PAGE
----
`”This room’s got such a lovely feel” is a comment I often hear when people step into my treatment room for the first time.  In fact most of us have experienced the “feel” of a space at one time or another, be it positive or negative, exciting or sad, peaceful, spiritual, or lacking in “atmosphere”.  Have you ever stopped to wonder why?  It is, after all, just a room.

Dr. William A. Tiller is Professor Emeritus in material science and engineering at Stanford University (he was the department chair from 1964 to 1998). Alongside his day job, he has been exploring whether consciousness can effect matter.  What is interesting is that his experiments have repeatedly shown that the human mind can have a direct impact on matter.   Working with experienced meditators, Tiller asked them to focus on “imprinting” specific intentions on electrical devices.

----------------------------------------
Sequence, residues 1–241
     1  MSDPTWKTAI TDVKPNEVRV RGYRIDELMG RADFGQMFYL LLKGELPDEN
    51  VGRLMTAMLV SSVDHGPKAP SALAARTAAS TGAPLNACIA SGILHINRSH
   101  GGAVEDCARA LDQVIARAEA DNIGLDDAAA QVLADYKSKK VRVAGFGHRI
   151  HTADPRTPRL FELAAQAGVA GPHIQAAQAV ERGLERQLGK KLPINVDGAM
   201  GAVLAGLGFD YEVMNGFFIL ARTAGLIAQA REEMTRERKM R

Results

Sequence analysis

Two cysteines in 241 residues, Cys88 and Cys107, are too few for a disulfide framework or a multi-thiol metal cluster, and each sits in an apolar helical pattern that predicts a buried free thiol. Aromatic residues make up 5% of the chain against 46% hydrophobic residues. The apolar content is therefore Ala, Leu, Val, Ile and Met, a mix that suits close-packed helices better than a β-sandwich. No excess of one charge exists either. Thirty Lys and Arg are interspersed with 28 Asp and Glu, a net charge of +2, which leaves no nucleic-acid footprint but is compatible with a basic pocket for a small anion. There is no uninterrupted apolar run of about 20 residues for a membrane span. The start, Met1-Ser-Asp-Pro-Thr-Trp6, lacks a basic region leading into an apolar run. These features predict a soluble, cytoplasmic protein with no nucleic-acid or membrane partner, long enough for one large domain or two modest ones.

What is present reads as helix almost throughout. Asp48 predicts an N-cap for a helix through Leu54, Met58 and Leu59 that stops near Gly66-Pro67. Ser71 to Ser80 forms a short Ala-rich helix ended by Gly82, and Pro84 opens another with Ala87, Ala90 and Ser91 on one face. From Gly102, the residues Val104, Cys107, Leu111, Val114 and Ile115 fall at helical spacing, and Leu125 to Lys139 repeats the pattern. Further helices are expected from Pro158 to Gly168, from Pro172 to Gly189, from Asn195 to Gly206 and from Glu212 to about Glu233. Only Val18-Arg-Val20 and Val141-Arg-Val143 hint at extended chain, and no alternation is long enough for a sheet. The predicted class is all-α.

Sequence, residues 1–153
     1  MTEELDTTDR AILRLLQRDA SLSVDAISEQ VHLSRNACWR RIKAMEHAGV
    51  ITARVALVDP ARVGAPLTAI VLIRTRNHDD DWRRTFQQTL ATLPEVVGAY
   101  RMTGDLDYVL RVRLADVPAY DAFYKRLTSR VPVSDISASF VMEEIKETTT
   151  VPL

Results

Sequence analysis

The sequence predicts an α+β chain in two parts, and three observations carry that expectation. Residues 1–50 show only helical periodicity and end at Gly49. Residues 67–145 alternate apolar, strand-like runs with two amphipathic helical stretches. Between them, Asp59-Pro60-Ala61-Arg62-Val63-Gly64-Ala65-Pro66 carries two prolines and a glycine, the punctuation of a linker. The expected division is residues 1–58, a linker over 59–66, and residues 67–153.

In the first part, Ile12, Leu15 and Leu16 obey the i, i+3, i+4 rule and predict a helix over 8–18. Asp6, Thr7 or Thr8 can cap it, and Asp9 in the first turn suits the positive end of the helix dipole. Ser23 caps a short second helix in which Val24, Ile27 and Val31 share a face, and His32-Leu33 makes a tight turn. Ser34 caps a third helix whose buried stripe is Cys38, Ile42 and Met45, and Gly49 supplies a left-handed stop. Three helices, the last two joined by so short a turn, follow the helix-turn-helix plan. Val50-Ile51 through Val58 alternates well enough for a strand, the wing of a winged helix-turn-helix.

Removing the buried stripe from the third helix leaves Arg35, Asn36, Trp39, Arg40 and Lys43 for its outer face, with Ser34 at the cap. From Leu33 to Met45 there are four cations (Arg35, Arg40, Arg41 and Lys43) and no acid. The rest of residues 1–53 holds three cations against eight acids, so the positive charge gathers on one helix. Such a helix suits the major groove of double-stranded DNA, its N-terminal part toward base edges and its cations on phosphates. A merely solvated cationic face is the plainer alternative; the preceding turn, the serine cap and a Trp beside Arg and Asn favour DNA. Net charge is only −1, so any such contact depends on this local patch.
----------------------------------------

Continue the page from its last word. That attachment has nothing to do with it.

In one example, a group of individuals set their awareness on an electrical circuit which contained a crystal. They then focused an intent that the PH of water would either go up or go down. The circuits were wrapped in aluminum foil and shipped overnight to a lab across the country, turned on, and set beside a water sample. The room was isolated so that people did not enter, and all environmental factors of the room were carefully monitored. Despite the precautions, the water samples did respond exactly as the meditators intended.  The PH rose or fell a full 1.5PH inline with the intentions. The odds against this happening by chance are a million to one.

Over time Dr. Tiller also discovered that his experiments affected the room where the experiment was conducted. The object was imparting its qualities to the room so that water placed in the room after the device was removed still had its PH affected.  He asserts that intention can ”change space” so rooms may become “conditioned”.

I think this is a really interesting way to illustrate how consciousness can affect matter.

This concept of consciousness affecting matter is something I use in my client sessions.  Dr Tiller’s work also highlights the effectiveness of working remotely, as I do so often.

Won’t it be interesting next time you walk into a space that you have a reaction to…

If you would like to find out more about working with me, go to http://www.amandaweller.com


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